It’s been a few months since I’ve done a Homemade Trials and since it’s one of my favorite style of posts that I write these days, I figured it was long overdue.
A month or so ago, I got an email from a reader and blogger friend, Dan, asking me to tackle hummus for a homemade trials. The question was kind of a multi-part one.
First, does it ever make sense to make your own? Is it really cheaper and tastier?
Second, does it matter if you use dry beans or canned beans?
So I set out to compare three styles of hummus in the categories of TIME, NUTRITION, COST, and TASTE. After all of that, we’ll see if we can find a winner!
A Very Basic Hummus
For this trial, I used my favorite store brand of hummus, Sabra. I think it has delicious texture and flavor and knew that it would give me a good run for my hummus.
For the homemade versions, I used a very simple recipe:
- 9 ounces cooked chickpeas, this is one 15 ounce can after you drain out the water
- 3 cloves garlic
- ½ lemon, juice only
- ¼ Cup Tahini
- ¼ Cup olive oil
- ¼ Cup water
- ¾ Teaspoon kosher salt
- Combine chickpeas, garlic, lemon, tahini, water, and salt in food processor.
- Turn on food processor. As it runs, drizzle in oil until smooth.
- Serve with pita or crackers.
Did you make this recipe?
I realize that you could spice this up as much as you wanted by adding roasted red peppers, paprika, roasted garlic, or pine nuts, but I just wanted to keep it simple on my end.
Let’s get on with the trials!
Let’s get the easy trial out of the way first. Obviously, it takes no time to open up a container of Sabra.
It took me about 15 minutes to whip up my hummus using the canned variety. Most of this time was dealing with the chickpeas. If you want a really creamy hummus you have to remove the shells from each chickpea. They rub off pretty easily, but it definitely took me a few minutes to get them mostly cleaned.
Once the shells are off though, it took me just a few minutes to toss everything in a processor and pulse it up.
Meanwhile, the version with dried chickpeas obviously took longer. I had to soak the chickpeas and then simmer them for about 90 minutes. Then I had to shell them and blend them just like the canned version. While this was largely unattended time, it still took awhile.
So TIME goes to store-bought, followed by canned, and dried. No surprises there.
I wasn’t really sure how cost was going to work out. I would think that homemade would be cheaper, but frankly, two of the ingredients that go into hummus (olive oil, tahini) are pretty pricey! It’s possible that it’s cheaper for a company like Sabra to buy them in bulk.
Let’s check out the chart!
Whoa! That’s an enormous difference in cost. Even though the basic hummus recipe makes less hummus than the Family pack of Sabra hummus, the cost per ounce is WAY down for both the canned and dried version.
The cost difference between canned and dried is what it is because a pound of dried chickpeas cooks up to 48 ounces of cooked chickpeas which can obviously be used to make a lot of hummus.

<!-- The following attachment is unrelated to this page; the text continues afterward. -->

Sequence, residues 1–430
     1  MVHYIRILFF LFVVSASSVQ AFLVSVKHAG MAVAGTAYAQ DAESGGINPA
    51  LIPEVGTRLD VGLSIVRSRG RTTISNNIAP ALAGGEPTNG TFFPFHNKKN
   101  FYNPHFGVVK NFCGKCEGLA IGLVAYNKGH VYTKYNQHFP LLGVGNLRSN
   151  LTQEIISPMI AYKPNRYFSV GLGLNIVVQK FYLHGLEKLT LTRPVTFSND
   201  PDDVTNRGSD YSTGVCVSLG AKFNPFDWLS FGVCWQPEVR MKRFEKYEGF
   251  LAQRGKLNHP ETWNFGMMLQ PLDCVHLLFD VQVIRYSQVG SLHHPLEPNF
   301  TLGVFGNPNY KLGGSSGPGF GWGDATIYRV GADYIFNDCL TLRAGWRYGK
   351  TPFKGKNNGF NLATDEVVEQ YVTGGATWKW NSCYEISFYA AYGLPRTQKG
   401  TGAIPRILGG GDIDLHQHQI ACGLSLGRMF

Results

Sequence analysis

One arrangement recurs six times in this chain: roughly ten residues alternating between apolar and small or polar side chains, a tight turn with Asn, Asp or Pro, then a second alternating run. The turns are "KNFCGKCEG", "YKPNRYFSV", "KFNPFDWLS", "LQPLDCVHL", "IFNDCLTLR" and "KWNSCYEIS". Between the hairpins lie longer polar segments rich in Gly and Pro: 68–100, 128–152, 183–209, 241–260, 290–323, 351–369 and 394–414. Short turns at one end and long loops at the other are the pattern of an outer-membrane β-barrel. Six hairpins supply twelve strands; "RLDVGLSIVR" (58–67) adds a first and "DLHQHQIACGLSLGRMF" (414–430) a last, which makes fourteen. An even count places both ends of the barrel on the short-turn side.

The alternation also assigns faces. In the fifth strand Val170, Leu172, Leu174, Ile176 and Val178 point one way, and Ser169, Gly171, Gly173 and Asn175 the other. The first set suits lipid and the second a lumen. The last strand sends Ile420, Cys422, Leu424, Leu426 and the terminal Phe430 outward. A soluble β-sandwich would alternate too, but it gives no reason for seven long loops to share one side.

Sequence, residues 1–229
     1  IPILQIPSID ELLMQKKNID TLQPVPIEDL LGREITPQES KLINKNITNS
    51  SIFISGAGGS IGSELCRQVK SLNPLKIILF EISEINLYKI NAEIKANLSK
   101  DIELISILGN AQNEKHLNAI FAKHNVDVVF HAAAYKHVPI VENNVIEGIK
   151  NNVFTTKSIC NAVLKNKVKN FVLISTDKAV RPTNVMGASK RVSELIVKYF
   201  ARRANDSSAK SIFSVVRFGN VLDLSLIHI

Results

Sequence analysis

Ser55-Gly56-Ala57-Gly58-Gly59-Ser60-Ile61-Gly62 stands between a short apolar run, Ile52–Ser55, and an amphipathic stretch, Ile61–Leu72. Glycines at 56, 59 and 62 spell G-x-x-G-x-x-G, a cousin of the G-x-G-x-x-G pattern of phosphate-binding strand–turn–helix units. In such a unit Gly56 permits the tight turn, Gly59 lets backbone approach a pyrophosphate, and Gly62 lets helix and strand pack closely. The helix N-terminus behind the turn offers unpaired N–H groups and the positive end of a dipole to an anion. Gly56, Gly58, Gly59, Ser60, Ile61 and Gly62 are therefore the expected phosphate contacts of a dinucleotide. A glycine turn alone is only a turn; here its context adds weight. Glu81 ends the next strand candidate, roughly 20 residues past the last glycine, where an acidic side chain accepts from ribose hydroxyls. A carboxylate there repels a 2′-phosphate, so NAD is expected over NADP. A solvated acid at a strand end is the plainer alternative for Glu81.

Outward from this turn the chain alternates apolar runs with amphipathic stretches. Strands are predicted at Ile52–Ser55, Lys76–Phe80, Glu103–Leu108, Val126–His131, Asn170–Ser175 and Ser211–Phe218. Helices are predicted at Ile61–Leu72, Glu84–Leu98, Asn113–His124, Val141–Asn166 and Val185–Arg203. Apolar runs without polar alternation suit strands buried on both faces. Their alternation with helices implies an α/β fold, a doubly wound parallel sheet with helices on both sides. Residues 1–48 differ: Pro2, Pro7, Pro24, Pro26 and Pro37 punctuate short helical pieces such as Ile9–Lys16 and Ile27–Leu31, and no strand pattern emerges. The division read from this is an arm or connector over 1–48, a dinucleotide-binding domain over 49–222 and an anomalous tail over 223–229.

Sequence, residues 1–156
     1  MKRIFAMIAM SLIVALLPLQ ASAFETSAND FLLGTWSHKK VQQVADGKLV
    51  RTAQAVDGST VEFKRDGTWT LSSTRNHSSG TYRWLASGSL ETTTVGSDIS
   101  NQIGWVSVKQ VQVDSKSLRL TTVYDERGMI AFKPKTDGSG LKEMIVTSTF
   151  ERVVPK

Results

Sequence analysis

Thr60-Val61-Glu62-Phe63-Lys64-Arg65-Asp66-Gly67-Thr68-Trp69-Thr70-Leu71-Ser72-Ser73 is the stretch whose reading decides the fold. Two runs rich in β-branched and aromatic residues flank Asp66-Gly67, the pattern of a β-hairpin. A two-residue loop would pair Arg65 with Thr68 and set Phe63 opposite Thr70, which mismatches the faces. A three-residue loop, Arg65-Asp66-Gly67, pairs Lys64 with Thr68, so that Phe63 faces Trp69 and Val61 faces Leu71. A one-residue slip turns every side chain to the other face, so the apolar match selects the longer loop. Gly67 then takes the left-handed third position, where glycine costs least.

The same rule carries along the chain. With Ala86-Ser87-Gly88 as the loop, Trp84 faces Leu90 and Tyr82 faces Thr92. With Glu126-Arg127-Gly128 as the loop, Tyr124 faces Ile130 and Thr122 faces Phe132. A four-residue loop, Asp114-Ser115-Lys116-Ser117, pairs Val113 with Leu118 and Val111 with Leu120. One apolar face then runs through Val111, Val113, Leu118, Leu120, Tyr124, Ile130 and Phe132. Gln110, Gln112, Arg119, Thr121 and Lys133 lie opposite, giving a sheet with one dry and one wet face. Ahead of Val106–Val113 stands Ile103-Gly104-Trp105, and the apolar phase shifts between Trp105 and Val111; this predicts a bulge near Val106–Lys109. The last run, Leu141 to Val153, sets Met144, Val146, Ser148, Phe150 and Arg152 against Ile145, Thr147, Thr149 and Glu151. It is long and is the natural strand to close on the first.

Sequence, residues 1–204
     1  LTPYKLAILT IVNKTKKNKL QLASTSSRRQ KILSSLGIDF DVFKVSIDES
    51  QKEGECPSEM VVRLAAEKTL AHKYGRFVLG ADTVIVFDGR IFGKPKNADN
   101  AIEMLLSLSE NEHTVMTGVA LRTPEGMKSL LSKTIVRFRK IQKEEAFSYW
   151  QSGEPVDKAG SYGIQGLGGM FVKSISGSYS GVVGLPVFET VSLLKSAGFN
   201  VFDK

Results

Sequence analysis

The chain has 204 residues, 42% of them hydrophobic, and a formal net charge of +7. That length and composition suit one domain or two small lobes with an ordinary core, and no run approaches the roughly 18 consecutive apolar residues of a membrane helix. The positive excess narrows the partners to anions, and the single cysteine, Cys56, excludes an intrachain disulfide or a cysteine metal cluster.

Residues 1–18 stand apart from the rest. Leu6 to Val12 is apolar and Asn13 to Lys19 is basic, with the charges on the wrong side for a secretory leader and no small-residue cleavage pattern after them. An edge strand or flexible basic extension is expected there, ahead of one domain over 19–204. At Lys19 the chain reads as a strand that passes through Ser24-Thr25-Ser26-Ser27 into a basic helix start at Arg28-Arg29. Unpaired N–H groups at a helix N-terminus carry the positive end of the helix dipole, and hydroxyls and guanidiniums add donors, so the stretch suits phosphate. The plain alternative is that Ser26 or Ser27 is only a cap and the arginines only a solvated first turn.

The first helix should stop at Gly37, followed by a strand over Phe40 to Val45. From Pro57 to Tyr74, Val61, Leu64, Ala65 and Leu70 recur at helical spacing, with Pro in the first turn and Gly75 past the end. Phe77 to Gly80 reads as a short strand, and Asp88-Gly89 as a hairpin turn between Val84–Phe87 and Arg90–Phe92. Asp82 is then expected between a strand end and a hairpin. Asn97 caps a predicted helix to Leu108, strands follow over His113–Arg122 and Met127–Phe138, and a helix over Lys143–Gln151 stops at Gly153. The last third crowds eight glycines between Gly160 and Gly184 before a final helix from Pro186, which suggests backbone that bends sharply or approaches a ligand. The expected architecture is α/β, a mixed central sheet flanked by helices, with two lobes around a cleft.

Just for effect, if you were to eat a container of Sabra per week, you would save $233 over the course of a year by making an equal amount of hummus with dried beans or $160 in savings if you used canned. That’s not shabby.
So cost goes to dried bean hummus followed closely by canned.
I had no idea how nutrition would play out at all. I figured they would all be pretty similar. Let’s check out the chart and see where we stand!
Well, yea. Nothing too exciting. They are all basically the same.
If I had to pick a winner, I would say dried just because it has slightly less fat than Sabra, less sodium, and way more fiber than both (I double checked the fiber cause it seemed weird).
In reality though, this is a tie for nutrition. Hummus is pretty good for you whether you buy it or make it. Go figure.
This was the wild card category as always.
I knew I would be biased on this so I called in my official taste-tester: my wife. I lined up each sample and she tasted each version blindly with a chip. These were her results:
Least Favorite: The dried chickpea variety. She said the tahini was over-powering. This couldn’t be due to the actual tahini because there was the same amount in the canned version. She also said the texture wasn’t quite right.
Favorite Flavor: Sabra. This wasn’t a total shock to me. After looking at the ingredients in Sabra, they add a number of spices into even their original flavor. I think if you added some flavors and spices though you could get close.
Favorite Texture: Canned! This was a total shock to me because I always thought Sabra had the best texture. But after peeling the chickpeas, she picked the canned version as the best texture.
I consider texture to be as important as flavor for hummus so I’m calling this one A TIE between canned and Sabra.
After all of this analysis, I think there’s one pretty clear conclusion actually. It seems like it is completely worth it to make your own hummus BUT you should used canned and not dried chickpeas unless you are on a very tight budget.
Even though you would save a bit more money by using dried, I think the time difference is enough to swing it over in the favor of canned. Also, it was a lot easier to get a good texture using canned.
With a little practice and some spices, you could easily make a hummus at home that rivals one of the best in the stores for about half the price and a few minutes a week. If you eat a fair amount of hummus, it’s pretty clear that that’s the way to go in my opinion.
What do you think? Are you surprised by the conclusion? Will this influence your shopping?